2016-07-21: Global Chokepoints is no longer maintained.
Global Chokepoints is an online resource created to document and monitor global proposals to turn Internet intermediaries into copyright police. These proposals harm Internet users’ rights of privacy, due process and freedom of expression, and endanger the future of the free and open Internet. Our goal is to provide accurate empirical information to digital activists and policy makers, and help coordinate international opposition to attempts to cut off free expression through misguided copyright laws, policies, agreements and court cases. Scroll down to see a list of countries currently featured for threatening free expression through copyright censorship.
About Global Chokepoints
The Internet offers the potential to provide unprecedented global access to the collective knowledge of all humankind. But that potential is threatened by intellectual property (IP) rightsholders who are pressuring Internet Service Providers (ISPs) and other such Internet intermediaries to enforce overbroad IP laws. These Internet intermediaries are vital in facilitating access to information.
As countries adopt new copyright laws aimed at increasing the legal liability of Internet intermediaries, it is clear that they are creating new global standards with as little scrutiny as possible. These proposals raise significant concerns for citizens’ privacy, due process, and freedom of expression rights, as they threaten to restrict the free and open Internet. Global Chokepoints is a comprehensive online resource that will document and monitor these new copyright proposals on a country-by-country basis. Our goal is to give civil society members a clear understanding about the laws being discussed and who they can contact to affect the process. While each country has differed in its approach, four main policy proposals have emerged as the biggest threat to individual freedoms:
- Three-strikes policies and laws that require Internet intermediaries to terminate their users’ Internet access on repeat allegations of copyright infringement
- Requirements for Internet intermediaries to filter all Internet communications for potentially copyright-infringing material
- ISP obligations to block access to websites that allegedly infringe or facilitate copyright infringement
- Efforts to force intermediaries to disclose the identities of their customers to IP rightsholders on an allegation of copyright infringement.
As both the UN Special Rapporteur on Freedom of Opinion and Expression and the European Court of Justice have recognized, these initiatives harm Internet users’ rights of privacy, due process and freedom of expression, and endanger the future of the free and open Internet.
By forcing intermediaries to become much more than service providers, many of these proposals attempt to make Internet intermediaries the sole arbiter and enforcer of the law instead of courts and judges, thereby impairing due process rights. Many ISPs will simply not have the knowledge or resources to evaluate the inherent risks of these decisions and will therefore be more likely to act conservatively to avoid any potential liability at the expense of users’ rights.
Global Chokepoints will shine sunlight on these proposals and empower civil society with both the knowledge and support to enact strong definitive reform. The site include links to digital rights organizations, consumer groups, law school clinics and technology industry groups that are opposing the spread of overbroad copyright policing efforts, and national advocacy campaigns to protect the free and open Internet and citizens’ fundamental rights.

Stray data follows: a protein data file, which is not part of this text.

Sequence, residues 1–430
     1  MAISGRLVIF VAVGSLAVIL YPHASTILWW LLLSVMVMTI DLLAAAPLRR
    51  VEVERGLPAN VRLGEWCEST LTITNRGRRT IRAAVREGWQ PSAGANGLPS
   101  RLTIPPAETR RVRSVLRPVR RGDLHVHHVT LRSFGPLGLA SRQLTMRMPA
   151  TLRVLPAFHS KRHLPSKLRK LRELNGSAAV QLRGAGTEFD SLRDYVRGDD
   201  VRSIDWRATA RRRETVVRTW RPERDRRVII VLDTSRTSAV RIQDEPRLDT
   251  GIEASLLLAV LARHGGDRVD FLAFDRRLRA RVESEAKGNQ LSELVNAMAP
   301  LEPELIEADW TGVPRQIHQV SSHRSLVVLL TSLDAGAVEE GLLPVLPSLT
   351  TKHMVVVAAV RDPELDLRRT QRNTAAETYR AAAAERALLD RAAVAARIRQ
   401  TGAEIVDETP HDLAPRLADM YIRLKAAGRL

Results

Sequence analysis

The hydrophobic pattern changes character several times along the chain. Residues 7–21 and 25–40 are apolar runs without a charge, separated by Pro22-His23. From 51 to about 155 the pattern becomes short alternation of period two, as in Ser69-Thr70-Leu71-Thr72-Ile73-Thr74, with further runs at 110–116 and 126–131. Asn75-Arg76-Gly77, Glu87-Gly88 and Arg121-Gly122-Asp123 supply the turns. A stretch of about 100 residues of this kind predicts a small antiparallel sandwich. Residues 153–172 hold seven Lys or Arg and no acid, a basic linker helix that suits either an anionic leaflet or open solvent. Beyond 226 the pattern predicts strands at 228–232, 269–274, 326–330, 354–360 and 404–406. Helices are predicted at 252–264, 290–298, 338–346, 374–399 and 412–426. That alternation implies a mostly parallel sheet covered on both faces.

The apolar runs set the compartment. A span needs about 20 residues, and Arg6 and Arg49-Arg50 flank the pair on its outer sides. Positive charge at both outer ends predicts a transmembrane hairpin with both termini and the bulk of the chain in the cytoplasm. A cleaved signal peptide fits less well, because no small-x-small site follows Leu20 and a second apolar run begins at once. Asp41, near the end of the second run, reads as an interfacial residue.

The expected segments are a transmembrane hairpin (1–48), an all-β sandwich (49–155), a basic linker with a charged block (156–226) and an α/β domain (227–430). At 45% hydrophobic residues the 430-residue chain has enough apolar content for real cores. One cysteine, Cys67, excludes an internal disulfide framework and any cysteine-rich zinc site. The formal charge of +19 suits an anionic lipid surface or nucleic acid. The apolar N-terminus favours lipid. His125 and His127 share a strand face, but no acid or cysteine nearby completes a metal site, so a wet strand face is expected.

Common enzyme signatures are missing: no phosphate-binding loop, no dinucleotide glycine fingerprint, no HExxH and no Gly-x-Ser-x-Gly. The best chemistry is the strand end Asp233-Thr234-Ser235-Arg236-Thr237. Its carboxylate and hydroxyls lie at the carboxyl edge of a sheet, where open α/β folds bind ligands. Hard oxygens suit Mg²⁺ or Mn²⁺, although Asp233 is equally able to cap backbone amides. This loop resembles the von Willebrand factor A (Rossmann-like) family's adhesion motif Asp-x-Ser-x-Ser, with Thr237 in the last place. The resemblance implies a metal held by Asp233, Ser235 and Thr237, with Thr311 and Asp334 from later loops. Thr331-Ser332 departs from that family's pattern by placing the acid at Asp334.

What follows is a list of insightful, interesting, or influential Internet intermediary liability policy documents.
- Report to the UN General Assembly Human Rights Council, United Nations Special Rapporteur on Freedom of Opinion and Expression, June 2011
- Joint Declaration on Freedom of Expression and the Internet, United Nations (UN) Special Rapporteur on Freedom of Opinion and Expression, the Organization for Security and Co-operation in Europe (OSCE) Representative on Freedom of the Media, the Organization of American States (OAS) Special Rapporteur on Freedom of Expression and the African Commission on Human and Peoples’ Rights (ACHPR) Special Rapporteur on Freedom of Expressionand Access to Information, June 2011
- Role and Responsibility of Internet intermediaries in the field of Copyright and Related Rights, Prof. Lillian Edwards, June 2011 (This updates a 2005 WIPO report prepared by Lillian Edwards and Charlotte Waelde, which is now fairly outdated)
- Internet Society, Discussion Paper, Perspectives on Policy Responses to Online Copyright Infringement – An Evolving Policy Landscape [PDF] (February 2011)
- Global Trends in Online Copyright Enforcement: A Non-Neutral Role for Network Intermediaries? Jeremy DeBeer and Christopher Clemmer, (2010)
- Comparative Analysis of the National Approaches to the Liability of Internet Intermediaries, Associate Professor Daniel Seng, (June 2011)
- Graduated Response and the Turn to Private Ordering in Online Copyright Enforcement, Annemarie Bridy
- ACTA and the Specter of Graduated Response, Annemarie Bridy
- The Graduated Response, Peter Yu
- Graduated Response Schemes and the Rule of Law, Nic Suzor (Law Lecturer at Queensland University of Technology, Australia, and former Chair of Electronic Frontiers Australia)
- The French Copyright Authority (HADOPI), the Graduated Response, and the Disconnection of Illegal File-sharers, Nicholas Jondet (University of Edinburgh)
- Summary of OECD Experts Workshop on Internet Intermediaries (held June 16, 2010)
- EFF submission to EU e-Commerce Directive consultation, recommending judicial order framework, November 2010